Ten members of the anaesthesia department currently offer chronic pain management services ranging from office type consultation and minor nerve block, through a whole range of major nerve block procedures including implantation of intrathecal devices for cancer pain management; acupuncture is also offered, and a course in acupuncture for pain management is taught by members of the Department. Dr. Ammar Gilani, a member of the Neurology Department, joined the clinic in 2005 to practice pain management in addition to his neurology practice. His particular interest is headache, and he offers Botox treatment.
Behavioural Medicine Centre
With the recruitment of Dr. Arthur (Arnie) Cott to the Department of Anaesthesia several years ago, the Behavioural Medicine Centre has added a new dimension to the range of services and educational possibilities available to anaesthesia trainees. This long-standing (25 years) clinical organization focuses on interdisciplinary management of complex clinical cases; frequently a major component of the problem is pain management, but in all cases the problems have extended into many aspects of the patient’s life. The theoretical basis of the approach to management involves consideration of not just medical but psychological, psychiatric, employment and interpersonal issues; the goal of treatment is to bring all aspects of the problem under control through the use of extensive education and field-based interventions with the patient.
St. Joseph’s Health Care
Drs Larry Kahn and Jim McChesney provide pain management services through clinics at the East End Health Centre of St. Joseph’s Hospital Hamilton. They offer consultation, peripheral nerve blocks and interventional treatments also. Dr. Kahn in particular has expertise in the insertion of epidural stimulators and Intrathecal Drug Delivery Systems. Presently these latter services are only available through the support of third party payers (e.g. WSIB and Insurance coverage).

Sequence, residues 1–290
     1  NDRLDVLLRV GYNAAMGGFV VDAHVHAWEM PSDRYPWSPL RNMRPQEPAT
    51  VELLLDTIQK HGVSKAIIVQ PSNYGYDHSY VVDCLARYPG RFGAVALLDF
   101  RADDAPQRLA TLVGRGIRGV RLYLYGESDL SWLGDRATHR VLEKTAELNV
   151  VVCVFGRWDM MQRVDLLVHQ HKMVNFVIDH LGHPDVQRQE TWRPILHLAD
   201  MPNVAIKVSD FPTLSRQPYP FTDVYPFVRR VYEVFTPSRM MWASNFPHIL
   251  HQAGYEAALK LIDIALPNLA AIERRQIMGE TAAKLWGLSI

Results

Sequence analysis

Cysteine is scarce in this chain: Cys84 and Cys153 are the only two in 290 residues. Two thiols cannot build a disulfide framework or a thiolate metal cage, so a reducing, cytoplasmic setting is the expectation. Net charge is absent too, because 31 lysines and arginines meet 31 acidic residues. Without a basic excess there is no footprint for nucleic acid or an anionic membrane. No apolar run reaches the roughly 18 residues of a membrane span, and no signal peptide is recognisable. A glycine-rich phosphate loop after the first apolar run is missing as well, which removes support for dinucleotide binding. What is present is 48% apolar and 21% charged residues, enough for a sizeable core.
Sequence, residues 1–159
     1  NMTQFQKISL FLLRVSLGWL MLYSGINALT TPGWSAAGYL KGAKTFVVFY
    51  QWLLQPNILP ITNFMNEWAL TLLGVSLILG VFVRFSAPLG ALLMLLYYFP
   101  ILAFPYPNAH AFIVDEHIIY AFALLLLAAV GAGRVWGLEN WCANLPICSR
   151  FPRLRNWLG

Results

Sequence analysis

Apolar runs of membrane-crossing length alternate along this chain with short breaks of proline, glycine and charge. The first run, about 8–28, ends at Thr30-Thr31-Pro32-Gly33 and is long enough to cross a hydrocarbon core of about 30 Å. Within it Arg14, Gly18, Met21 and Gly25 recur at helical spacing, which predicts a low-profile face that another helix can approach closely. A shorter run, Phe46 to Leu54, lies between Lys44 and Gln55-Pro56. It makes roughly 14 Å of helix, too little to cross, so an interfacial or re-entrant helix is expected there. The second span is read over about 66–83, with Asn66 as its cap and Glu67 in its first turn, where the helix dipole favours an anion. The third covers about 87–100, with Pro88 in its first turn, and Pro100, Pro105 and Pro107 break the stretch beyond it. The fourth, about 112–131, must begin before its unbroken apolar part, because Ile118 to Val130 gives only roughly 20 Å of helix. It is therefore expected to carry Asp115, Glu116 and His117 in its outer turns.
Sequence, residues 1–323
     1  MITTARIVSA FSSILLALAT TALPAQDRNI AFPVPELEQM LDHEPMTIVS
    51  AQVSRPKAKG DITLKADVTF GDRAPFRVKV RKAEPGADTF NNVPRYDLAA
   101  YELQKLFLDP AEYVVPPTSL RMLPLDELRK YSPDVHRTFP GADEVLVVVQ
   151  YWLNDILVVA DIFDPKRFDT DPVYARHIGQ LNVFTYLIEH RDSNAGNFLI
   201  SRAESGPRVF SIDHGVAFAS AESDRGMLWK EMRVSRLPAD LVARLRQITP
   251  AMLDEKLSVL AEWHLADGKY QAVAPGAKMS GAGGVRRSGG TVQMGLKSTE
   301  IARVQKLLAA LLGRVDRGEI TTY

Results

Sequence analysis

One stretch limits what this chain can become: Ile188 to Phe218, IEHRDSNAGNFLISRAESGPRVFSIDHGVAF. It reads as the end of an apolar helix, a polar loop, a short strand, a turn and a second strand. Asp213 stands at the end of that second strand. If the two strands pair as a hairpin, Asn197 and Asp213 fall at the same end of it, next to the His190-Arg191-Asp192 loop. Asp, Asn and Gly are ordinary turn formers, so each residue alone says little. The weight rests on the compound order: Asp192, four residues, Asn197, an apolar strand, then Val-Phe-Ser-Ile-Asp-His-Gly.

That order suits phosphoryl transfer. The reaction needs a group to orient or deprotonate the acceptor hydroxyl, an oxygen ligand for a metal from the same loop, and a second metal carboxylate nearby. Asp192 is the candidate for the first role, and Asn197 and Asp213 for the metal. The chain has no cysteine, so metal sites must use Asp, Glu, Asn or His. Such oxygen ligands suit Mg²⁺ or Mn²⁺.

The Pain Management Centre (PMC), with the support of unrestricted educational grants from a variety of interested pharmaceutical companies, offers monthly pain management seminars at the PMC. A mixture of local and guest speakers, including pain fellows and graduate students, present these seminars. These seminars take place on the fourth Thursday of the month. Click here to access the Archived Educational Presentations.
A pain management fellowship is offered, usually for two fellows each year although occasionally a third position may be available. The fellowship is usually for a period of one year. Fellows work 2-3 days per week on average in the regular operating rooms and 2-3 days in the Pain management Centre. There is an extensive experience of clinical opportunity available. In addition it is expected that fellows will complete some academic activity of significance during their fellowship, such as designing and carrying out a clinical study. Because of the time required for initial development of such studies it is often best to correspond in advance to develop an outline and begin the process of obtaining Research Ethics Board approval etc in advance of the start of the fellowship.
The consolidation of a large volume of pain management services into a single site, and the addition of a unique approach to managing complex cases, is intended to provide a clinical `critical mass’ as the basis for further education and research in the field of pain management. There have now been pain fellows consistently for the past several years, and a core curriculum based on that developed by the International Association for the Study of Pain (IASP) is being developed.
The DeGroote Centre for Research and Care in Central and Thalamic Pain was created in 2005. This centre is contributing to the development of research activity in pain particularly basic science in pain mechanisms, and also clinical research in the particular problem of central post-stroke pain. Discussions are presently underway also towards developing a strategic plan for pain services in the region with Hamilton Health Sciences playing a significant role on the clinical service side with pain declared as a part of the strategic plan for the organization.